relating to improvements in information quality. We extend this literature by documenting that

    adoption of IFRS leads to informational benefits even in a setting ex ante having few differences

    between domestic standards and IFRS, consistent with improvements in comparability also

    enhancing the information environment on IFRS adoption.

    To isolate the effects attributable to changes in comparability, versus changes in

    information quality, we examine firms domiciled in the UK over the period 2003 through 2006.

    Several institutional features make this a strong setting to examine the effects of IFRS adoption

    on comparability. First, the UK observed a substantial exogenous shock to the reporting system,

    coincident with the mandatory adoption of IFRS within the European Union (EU) effective for

    fiscal years ending January 1, 2005. Second, the domestic accounting standards of the UK are

    arguably quite similar to IFRS (e.g., Bae et al. 2008), suggesting any benefits from IFRS

    adoption are less likely attributable to changes in information quality per se. Finally, the UK

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    equity market is deeper relative to other markets experiencing IFRS adoption, providing both

    more precision in measuring our primary proxies as well as increased statistical power.

    To measure changes in the information environment surrounding IFRS adoption, we

    assess the change in abnormal returns to two proxies for private information: insider purchases

    and analyst recommendation upgrades. We focus on insider purchases because this represents a

    measure of private information possessed by firm insiders.1 We focus on analyst

    recommendation upgrades because this captures an alternative source of private information that

    is obtained through detailed firm- and industry-level analysis, and that is generally not subject to

    litigation risk. If IFRS adoption improves the information environment, even for firms

    previously reporting under domestic standards that are similar to those mandated under IFRS,

    then we expect to observe reduced benefits to private information, owing to enhancements in

    financial statement comparability. That is, we expect that IFRS adoption will improve the public

    information set (and by extension, reduce the private information set) by allowing all users to

    better infer firm performance and valuation through enhanced comparability of financial

    statements.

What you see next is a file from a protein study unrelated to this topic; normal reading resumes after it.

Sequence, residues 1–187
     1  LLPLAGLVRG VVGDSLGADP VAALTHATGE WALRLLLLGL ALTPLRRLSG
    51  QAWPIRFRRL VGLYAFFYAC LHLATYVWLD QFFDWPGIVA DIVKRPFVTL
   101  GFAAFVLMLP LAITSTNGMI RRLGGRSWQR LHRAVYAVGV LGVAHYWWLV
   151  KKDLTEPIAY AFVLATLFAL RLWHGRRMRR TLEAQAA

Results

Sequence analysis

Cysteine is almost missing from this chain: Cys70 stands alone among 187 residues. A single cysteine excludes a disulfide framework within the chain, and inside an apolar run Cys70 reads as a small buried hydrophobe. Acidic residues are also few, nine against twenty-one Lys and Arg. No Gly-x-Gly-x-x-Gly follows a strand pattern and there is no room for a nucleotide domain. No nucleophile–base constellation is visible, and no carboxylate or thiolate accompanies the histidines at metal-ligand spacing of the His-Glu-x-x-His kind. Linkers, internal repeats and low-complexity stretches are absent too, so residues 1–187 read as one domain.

Empirical results are consistent with IFRS adoption leading to improvements in

    comparability. We find that insider purchases exhibit significantly lower abnormal returns

    subsequent to IFRS adoption, relative to insider purchases made prior to IFRS adoption.

    Specifically, after controlling for other determinants of returns for insider purchases, we find that

    abnormal returns decrease by 4.2% in six-month return windows. Similarly, we find that analyst

    recommendation upgrades exhibit significantly lower abnormal returns after IFRS adoption, with

    reductions of 2.9% in six-month return windows. Results for both proxies are robust to multiple

    1 Insiders purchases tend to be more informative than insiders sales (e.g., Lakonishok and Lee, 2001; Jeng,

    Metrick, and Zeckhauser, 2003) in part because of asymmetric litigation risk (e.g., Skinner, 1994).

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    return measurement windows (i.e., one-month, three-month, and six-month) and alternative

    definitions of abnormal returns (e.g., using alternative risk adjustments).

    To further validate that these effects are most likely attributable to changes in

    comparability versus information quality, we exploit that there is likely firm-level variation in

    the extent to which the firms standards are similar to IFRS, even within a country having

    domestic standards considered similar to IFRS (such as the UK). This variance can be

    attributable to, among other things, implementation and the ability of the accounting system to

    capture the economics of the firms operations. Accordingly, we conduct additional partitions to

    better isolate the effects of comparability. First, we identify UK firms having ex ante high

    quality information environments: those firms reporting the lowest quartile of accruals or

    reporting no R&D expenditures. Second, we identify UK firms having low amounts of

    reconciling items between UK standards and IFRS. Both subsamples should better isolate firms,

    for which any effects of IFRS adoption are more likely attributable to changes in comparability

    versus changes in the quality of information. Consistent with our primary results, we find that

    IFRS adoption reduces the abnormal ret